Martyn finally broke his silence on his controversial and sudden retirement from international cricket in December here Tuesday in an exclusive interview aired on local television Monday.
The 35-year-old shocked the cricket world when he announced his retirement the day the team for the third Test against England, which Australia duly won to regain the Ashes, was announced.
In explaining his decision not to tell his teammates before making the announcement, Martyn said he knew he had to make a clean break and that they would have tried to talk him into seeing out the series.
He said the decision not to tell Ponting was one he had been grappling with.
"That's always going to be something I have to live with," he said.
"Look he's disappointed and rightly so, but to look him in the eye, I would have broke down, I would have been in tears and I don't think I could have said what I wanted to say."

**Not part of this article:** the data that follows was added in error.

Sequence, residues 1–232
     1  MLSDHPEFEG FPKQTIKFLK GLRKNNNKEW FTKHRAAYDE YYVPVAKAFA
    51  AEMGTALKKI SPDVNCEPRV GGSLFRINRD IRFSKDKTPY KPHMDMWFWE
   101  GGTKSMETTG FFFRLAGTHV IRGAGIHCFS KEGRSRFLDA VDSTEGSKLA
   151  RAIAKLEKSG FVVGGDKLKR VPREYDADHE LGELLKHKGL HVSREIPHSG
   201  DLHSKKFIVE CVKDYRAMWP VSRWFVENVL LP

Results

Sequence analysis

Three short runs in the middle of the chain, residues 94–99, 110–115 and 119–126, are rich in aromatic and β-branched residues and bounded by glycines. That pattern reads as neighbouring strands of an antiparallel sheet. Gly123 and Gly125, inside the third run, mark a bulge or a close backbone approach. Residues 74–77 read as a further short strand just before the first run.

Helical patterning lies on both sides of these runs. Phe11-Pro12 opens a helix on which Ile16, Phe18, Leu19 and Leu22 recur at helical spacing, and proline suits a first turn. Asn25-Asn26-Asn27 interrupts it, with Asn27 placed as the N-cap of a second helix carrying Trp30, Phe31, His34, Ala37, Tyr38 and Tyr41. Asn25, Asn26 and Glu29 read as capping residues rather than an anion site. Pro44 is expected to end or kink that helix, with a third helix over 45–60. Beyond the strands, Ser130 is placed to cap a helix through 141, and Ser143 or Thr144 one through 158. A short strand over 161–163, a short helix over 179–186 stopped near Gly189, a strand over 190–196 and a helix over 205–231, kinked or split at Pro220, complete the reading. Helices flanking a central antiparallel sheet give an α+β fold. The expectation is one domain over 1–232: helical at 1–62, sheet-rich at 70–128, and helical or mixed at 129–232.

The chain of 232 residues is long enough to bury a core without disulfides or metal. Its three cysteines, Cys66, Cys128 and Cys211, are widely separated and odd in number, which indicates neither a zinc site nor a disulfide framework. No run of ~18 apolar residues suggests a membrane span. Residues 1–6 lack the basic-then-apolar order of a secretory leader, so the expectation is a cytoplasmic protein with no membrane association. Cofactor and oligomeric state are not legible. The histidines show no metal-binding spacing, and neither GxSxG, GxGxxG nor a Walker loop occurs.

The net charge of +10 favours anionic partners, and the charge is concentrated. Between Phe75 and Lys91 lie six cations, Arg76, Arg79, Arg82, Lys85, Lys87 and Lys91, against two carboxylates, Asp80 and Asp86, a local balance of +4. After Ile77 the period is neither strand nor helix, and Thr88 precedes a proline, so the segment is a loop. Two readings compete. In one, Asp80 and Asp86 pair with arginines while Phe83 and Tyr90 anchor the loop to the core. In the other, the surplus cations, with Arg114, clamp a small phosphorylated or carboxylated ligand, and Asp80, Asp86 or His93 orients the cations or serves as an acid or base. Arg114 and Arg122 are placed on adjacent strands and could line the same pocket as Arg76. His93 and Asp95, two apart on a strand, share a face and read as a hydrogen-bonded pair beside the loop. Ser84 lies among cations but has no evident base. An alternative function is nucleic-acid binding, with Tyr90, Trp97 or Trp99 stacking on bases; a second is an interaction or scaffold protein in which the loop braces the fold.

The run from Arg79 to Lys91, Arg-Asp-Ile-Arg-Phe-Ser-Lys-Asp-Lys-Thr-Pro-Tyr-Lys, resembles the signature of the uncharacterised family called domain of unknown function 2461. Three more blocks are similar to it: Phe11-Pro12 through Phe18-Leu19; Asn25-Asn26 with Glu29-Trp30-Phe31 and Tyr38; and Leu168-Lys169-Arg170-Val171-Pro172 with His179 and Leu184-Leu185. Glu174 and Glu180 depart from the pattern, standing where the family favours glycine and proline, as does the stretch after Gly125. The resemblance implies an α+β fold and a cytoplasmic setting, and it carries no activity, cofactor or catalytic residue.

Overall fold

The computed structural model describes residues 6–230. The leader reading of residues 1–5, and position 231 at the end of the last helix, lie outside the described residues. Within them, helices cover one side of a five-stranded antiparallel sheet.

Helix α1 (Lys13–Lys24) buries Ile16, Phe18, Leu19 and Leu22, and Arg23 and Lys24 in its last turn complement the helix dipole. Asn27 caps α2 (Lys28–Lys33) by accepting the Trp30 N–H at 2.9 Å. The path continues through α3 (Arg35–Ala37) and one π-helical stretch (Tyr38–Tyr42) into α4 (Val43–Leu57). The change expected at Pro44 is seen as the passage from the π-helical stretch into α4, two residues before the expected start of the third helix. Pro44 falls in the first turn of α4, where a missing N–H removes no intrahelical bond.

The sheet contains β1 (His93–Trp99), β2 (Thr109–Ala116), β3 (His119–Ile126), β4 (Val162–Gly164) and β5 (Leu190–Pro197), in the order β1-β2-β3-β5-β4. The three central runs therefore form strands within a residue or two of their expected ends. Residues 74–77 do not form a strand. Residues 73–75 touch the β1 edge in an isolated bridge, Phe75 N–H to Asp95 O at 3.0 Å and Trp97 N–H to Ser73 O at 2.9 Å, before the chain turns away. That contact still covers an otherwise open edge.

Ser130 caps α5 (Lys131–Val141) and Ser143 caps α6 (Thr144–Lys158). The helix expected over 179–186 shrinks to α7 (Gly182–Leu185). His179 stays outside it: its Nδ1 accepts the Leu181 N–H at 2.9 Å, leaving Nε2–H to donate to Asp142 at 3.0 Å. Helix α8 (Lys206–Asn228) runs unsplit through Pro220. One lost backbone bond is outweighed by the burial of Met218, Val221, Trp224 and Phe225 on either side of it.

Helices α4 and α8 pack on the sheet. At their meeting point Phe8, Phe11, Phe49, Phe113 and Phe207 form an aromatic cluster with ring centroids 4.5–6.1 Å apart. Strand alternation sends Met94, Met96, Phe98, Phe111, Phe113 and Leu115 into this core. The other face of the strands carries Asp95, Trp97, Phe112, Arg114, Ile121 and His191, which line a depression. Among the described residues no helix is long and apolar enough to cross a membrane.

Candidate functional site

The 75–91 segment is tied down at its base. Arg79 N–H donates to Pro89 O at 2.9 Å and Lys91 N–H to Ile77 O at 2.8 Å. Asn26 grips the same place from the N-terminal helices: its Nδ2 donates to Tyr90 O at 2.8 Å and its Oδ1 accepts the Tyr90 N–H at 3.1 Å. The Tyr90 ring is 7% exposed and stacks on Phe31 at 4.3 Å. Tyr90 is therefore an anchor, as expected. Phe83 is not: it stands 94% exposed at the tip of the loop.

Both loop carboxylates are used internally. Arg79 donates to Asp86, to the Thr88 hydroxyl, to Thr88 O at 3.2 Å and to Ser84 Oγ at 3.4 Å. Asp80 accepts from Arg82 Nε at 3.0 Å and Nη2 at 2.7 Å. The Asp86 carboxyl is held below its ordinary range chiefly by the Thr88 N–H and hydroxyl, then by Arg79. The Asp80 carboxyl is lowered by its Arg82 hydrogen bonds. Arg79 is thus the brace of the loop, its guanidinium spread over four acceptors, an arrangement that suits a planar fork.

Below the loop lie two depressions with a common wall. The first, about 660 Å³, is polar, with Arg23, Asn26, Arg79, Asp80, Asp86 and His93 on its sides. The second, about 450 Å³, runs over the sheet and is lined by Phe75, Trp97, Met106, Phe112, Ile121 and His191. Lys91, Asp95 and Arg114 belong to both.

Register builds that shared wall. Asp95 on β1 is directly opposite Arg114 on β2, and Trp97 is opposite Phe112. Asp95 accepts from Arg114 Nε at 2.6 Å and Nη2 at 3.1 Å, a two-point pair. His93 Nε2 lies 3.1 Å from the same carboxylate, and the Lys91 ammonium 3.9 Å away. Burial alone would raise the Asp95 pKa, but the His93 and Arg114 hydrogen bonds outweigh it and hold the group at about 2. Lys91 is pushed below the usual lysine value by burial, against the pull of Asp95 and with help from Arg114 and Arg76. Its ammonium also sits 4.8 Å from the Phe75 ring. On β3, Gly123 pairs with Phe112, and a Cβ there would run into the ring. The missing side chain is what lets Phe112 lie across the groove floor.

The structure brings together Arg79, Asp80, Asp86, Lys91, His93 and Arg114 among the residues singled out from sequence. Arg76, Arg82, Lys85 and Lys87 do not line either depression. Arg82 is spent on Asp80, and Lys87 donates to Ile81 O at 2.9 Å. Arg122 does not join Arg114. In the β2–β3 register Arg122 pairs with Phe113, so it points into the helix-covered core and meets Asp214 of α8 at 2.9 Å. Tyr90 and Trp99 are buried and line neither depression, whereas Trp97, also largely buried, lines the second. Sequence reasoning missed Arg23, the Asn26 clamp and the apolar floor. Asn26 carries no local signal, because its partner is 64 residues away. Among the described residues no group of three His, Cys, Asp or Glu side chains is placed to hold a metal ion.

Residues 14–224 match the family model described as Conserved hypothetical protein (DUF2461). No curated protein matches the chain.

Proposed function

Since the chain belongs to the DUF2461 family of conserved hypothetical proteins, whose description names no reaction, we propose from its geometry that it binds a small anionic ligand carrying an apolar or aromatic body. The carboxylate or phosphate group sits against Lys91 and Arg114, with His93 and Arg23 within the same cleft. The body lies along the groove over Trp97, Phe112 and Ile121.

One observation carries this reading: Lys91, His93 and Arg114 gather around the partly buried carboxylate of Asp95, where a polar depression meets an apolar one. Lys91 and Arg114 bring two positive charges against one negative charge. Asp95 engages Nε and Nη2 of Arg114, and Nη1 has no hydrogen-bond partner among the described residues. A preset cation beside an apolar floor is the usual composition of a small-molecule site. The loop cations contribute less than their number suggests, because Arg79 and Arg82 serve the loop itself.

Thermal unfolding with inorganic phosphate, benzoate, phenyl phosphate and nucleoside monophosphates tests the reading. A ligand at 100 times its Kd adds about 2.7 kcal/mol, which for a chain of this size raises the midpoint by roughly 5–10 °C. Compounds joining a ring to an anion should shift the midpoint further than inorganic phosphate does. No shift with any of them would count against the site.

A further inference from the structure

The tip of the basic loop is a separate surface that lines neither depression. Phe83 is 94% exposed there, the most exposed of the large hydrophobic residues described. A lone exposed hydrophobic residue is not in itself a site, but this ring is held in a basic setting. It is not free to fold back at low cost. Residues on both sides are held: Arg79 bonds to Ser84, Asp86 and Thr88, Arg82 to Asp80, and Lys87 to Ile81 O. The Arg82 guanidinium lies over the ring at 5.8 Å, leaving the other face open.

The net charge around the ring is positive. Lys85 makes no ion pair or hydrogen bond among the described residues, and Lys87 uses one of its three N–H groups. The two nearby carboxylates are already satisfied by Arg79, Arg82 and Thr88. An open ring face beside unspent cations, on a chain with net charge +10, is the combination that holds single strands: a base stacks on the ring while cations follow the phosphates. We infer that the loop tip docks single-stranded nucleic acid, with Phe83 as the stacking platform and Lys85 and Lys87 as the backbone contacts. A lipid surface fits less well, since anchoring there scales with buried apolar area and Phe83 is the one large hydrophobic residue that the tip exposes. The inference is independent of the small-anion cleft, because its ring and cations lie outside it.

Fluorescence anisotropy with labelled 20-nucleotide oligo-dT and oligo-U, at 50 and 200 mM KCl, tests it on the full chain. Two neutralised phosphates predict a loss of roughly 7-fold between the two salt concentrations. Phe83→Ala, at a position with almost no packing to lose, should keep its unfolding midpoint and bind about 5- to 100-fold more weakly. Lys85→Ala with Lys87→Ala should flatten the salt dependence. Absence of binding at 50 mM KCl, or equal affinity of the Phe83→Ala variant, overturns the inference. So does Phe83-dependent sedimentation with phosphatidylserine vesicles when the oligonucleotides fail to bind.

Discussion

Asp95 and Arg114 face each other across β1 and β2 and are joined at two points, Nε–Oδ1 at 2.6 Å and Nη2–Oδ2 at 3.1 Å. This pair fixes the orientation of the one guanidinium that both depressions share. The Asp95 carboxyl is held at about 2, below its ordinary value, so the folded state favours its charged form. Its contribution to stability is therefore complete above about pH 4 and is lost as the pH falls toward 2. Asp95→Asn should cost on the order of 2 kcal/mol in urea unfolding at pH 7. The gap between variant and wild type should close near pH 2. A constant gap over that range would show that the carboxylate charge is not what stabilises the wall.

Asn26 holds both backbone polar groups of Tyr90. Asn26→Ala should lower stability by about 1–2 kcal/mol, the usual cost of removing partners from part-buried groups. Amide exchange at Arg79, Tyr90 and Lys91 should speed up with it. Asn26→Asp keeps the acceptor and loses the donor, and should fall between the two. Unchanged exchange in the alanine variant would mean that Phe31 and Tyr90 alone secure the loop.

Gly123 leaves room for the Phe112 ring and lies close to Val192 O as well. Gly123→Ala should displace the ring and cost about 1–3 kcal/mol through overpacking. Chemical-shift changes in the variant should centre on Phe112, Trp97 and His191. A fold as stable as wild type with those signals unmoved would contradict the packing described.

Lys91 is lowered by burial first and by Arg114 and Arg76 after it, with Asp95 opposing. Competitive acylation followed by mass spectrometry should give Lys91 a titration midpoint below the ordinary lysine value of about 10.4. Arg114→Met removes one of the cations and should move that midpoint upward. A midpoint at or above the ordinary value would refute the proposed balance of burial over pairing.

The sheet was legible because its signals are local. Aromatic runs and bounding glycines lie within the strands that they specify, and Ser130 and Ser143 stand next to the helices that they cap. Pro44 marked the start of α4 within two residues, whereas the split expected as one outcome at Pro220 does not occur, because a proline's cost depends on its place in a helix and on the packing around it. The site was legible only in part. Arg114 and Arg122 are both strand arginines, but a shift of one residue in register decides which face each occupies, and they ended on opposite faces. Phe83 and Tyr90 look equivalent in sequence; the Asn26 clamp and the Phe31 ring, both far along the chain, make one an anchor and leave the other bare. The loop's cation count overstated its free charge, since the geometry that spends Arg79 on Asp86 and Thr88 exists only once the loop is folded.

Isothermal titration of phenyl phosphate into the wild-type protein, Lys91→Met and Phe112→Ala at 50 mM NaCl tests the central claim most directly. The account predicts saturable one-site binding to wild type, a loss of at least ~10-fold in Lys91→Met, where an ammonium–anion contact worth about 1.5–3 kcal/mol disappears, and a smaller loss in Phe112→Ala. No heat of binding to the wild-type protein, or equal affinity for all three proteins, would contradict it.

Martyn went to ground after making the announcement and wasn't seen in public for three weeks.
His only initial communication with former teammates was by text message.
Martyn said the reason he kept his decision from his teammates was because he knew they would try to change his mind.
"And I love them for that because they wanted to keep me in and part of it," he said.
"But I wouldn't have played well anyway.
"The main focus was winning the series and winning the Ashes.
"A lot of people might not be happy with it -- some people will be shocked and disappointed -- but for me, for my personal happiness, it was the right time to go."
Martyn said he had settled happily into retirement with his new wife, Annika.
"I've never been comfortable with the whole celebrity stuff that comes with the game, I found [it] hard to deal with," he said.
"It's time to move on, it's just a freedom to say now I can go and live life and enjoy it."